Besides the hurricane force winds and potential tornadoes, the other extremely dangerous threat with Irene will be the potential for massive amounts of rainfall and dangerous and deadly flooding due to the large amounts of rainfall and storm surge. Irene has a significant moisture influx feed with her and she will bring heavy amounts of rain to the entire East Coast. 8-16 inches of rain will be possible from North Carolina all the way to New York.

Our thoughts are with all of those that will be impacted by Hurricane Irene. Hurricane Irene has the potential to be one of the most destructive hurricanes and for that matter disasters to impact the United States in decades. Residents in the path of Irene from North Carolina to Long Island, New York should be taking their hurricane precautions/preparations and heeding any warnings given by public safety/emergency management officials.

SWATChasers is just now entering Western North Carolina and we are enroute to Morehead City, NC to get set-up and prepared for Hurricane Irene. We will continue to bring you live updates on our facebook page (www.Facebook.com/SWATChasers), on twitter (www.Twitter.com/SWATChasers) and you can watch our live streaming video later today at http://www.SWATChasers.com!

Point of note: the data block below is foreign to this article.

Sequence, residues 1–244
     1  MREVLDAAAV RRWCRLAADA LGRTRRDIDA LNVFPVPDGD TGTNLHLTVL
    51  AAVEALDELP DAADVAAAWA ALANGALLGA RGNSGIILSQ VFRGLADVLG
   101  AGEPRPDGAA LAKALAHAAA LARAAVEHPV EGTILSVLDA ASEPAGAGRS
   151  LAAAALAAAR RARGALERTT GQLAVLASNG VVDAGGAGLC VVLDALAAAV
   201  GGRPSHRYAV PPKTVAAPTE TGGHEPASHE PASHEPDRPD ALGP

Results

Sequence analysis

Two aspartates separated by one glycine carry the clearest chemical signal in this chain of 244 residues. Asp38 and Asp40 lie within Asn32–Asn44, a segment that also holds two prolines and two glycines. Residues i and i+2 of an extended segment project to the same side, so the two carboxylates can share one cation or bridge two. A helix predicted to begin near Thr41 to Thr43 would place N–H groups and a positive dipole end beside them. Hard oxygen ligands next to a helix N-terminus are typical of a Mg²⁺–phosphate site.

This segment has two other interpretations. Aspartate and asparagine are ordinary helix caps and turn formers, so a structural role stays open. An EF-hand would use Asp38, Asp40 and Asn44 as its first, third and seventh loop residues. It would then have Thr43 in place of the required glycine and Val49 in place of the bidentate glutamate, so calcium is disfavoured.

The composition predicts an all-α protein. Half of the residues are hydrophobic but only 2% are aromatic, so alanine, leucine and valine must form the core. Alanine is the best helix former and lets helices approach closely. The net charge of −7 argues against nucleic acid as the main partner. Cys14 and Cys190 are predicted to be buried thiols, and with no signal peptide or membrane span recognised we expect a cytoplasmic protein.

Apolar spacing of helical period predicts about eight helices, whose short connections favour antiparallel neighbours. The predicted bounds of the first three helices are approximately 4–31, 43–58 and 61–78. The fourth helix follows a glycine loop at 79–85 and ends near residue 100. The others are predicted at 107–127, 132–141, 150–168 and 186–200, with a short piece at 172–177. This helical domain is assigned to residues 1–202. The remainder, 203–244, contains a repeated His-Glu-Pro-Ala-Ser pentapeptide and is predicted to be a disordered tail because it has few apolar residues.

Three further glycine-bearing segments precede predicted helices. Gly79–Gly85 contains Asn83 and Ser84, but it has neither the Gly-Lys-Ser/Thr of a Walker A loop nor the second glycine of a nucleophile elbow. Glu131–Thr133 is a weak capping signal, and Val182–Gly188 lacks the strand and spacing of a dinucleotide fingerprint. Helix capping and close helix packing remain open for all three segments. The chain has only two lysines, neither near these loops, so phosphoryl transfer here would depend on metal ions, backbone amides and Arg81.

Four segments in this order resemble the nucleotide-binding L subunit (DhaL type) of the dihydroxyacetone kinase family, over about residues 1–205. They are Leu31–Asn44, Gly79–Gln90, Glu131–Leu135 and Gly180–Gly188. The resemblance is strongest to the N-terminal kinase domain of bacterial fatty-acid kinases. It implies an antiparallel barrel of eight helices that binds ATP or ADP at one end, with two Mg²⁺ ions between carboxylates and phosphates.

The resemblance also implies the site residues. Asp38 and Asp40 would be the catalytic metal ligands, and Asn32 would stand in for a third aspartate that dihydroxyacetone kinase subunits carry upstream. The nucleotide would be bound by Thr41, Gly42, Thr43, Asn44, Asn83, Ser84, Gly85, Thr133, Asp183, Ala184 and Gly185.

SWAT will also have live video coverage/interviews on the following stations:

WLIO – Lima, Ohio
Local 12 – Cincinnati, Ohio
ABC 22 – Dayton, Ohio
NBC WDTN 2 – Dayton, Ohio
Fox 45 – Dayton, Ohio
WCIA 3 – Eastern, Illinois (Champaign – Urbana)
Fox 59 – The Indianapolis News Leader


Hurricane Irene – Legitimate East Coast Threat

August 22, 2011

Irene strengthened into a hurricane overnight despite her interaction with land. Nearly all of Puerto Rico is without power as Irene battered the island with 80 mph wind gusts.

Here is a radar loop of Irene as she passed over Puerto Rico early this morning: